What Dementia Feels Like

Virtual Dementia Tours, being offered at First Colonial Inn, help caregivers better understand the experiences patients face

by | Jul 8, 2022

Have you ever wondered what people with dementia experience in their daily lives? According to the World Health Organization, 55 million people are currently diagnosed with dementia. With so many living with this disease, there is a need for compassionate and understanding caregivers.

First Colonial Inn, an assisted living facility Virginia in Virginia Beach, now offers Virtual Dementia Tours (VDT) to help train and educate people on certain ways dementia patients interact with the world. VDT was created by P.K. Belville and Second Wind Dreams, a nonprofit organization committed to helping others understand aging.

I recently had an opportunity to experience VDT firsthand, and it changed my perspective on the everyday struggles dementia patients go through.

Before The Tour

 I first put plastic soles with tiny plastic spikes that poked the bottom of my feet into my shoes. They caused slight discomfort and pain to represent what most dementia patients feel. “The main thing is the pain,” Belville said during a previous media interview. “A lot of people with dementia can’t articulate that they are in pain.”

Next, I put on medical gloves and large, thick gloves over top and was handed glasses that blurred and distorted my vision. After that, I had headphones placed on my head with loud constant noise that blocked everything else out. All of the gear was to help create an environment that simulates what someone with dementia deals with.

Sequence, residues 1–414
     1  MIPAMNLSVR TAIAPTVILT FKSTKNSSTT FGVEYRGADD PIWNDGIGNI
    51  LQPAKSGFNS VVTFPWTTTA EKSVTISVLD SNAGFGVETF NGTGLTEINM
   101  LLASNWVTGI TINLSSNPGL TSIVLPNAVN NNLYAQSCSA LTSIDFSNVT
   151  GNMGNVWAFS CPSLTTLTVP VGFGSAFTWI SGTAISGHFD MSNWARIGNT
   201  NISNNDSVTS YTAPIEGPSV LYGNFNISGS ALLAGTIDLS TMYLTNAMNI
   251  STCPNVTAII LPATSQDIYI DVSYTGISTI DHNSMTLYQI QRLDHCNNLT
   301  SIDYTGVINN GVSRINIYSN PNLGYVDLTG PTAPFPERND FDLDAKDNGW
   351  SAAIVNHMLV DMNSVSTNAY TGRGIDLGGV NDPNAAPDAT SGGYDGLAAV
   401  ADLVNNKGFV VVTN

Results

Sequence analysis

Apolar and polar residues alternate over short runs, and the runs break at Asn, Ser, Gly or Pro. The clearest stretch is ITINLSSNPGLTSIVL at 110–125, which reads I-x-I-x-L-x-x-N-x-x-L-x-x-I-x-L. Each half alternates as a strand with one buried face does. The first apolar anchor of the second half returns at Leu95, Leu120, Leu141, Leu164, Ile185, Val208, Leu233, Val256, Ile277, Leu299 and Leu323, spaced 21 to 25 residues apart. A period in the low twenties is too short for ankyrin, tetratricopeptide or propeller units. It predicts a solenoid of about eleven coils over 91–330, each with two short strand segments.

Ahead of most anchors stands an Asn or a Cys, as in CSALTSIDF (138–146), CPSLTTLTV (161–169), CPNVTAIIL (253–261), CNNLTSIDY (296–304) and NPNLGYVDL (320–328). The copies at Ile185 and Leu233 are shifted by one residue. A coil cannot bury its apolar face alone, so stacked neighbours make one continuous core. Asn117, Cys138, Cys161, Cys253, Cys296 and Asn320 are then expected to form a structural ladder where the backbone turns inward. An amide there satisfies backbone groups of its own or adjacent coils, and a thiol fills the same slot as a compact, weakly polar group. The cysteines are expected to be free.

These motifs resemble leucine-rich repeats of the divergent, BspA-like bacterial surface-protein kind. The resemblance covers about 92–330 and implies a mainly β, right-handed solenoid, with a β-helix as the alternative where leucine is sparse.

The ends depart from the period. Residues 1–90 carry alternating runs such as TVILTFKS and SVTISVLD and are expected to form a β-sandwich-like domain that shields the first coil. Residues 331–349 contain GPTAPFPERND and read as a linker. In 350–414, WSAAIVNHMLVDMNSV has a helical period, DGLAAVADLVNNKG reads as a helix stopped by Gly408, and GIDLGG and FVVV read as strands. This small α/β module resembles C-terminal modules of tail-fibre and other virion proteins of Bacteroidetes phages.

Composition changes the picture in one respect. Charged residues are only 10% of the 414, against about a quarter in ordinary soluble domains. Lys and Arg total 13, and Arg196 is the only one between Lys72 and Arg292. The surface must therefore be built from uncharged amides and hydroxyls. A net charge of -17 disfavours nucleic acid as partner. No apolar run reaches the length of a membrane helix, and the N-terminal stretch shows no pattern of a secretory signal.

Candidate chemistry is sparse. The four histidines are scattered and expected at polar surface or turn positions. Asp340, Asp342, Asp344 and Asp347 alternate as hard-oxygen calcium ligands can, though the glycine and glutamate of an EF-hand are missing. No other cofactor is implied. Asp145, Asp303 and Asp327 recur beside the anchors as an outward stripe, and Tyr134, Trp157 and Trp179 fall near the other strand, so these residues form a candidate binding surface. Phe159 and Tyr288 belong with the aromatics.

Simulation Station

We were led by Juleah Best, a wellness assistant at First Colonial Inn, to a dim room with strobe lights flickering on and off. I was guided into the room and all of my senses went on overload.

Between not being able to see, constantly hearing loud noises from the headphones and fumbling my way through the room, I could feel my heart starting to race. I was guided into a bathroom and I couldn’t hear any directions given to me. The whole time I was thinking, “What am I supposed to be doing? I guess I’ll just find something to do.”

I was feeling around on the counter and found pill jars and a pill organizer. I tried to open some of the jars and put the pills into the organizer, but I failed to open them due to the gloves slipping. I got frustrated and started breathing harder because the simulation began to stress me out. Time seemed to lag on until I finally felt a hand on my shoulder and was directed out of the room.

Debriefing the Chaos

Best talked about each aspect of the gear that is part of the tour and what each was meant to simulate. The spikes in the shoes are supposed to mimic neuropathy, while the gloves demonstrate loss of motor skills.

“I think that this virtual tour allows the individuals to be emphatic,” Best says, “in ways that they were unable to be prior to taking the venture.”

According to Best, during the tour I started to sway back and forth on my feet, which someone with dementia tends to do for comfort. I also jumped at multiple points from loud bangs and sirens that played through the headphones. My involuntary reactions to things, similar to a dementia patient’s response, made me realize how useful VDT is in training for dementia care.

Experience of a Lifetime

Taking part in the VDT showed me why dementia patients can be irritable from pain, jump from loud noises and struggle with everyday tasks. It was only a small window into how they perceive and interact with the world, but it was enough for me to grasp some of the basics of the challenges they face.

“I think anyone working in senior living should most certainly go through the VDT,” Jackson Cherry, the executive director at First Colonial Inn, says, “as it is vital to understand the ways we need to change our behaviors to improve our resident’s experience.”

About Dementia

According to the World Health Organization, 10 million new cases of dementia are diagnosed worldwide every year. Of the 55 million total cases, about 60% are in low-income or middle-income countries. The Alzheimer’s Society notes that two out of 100 people between the age of 65 and 69 will be diagnosed with dementia. Experts predict an exponential increase in dementia cases by 2050. However, early detection is advancing with a new blood test that identifies Alzheimer’s before brain scans and has a 94% accuracy rate.

To participate in a Virtual Dementia Tour, email Juleah Best at Juleah.Best@KiscoSL.com.

 

 

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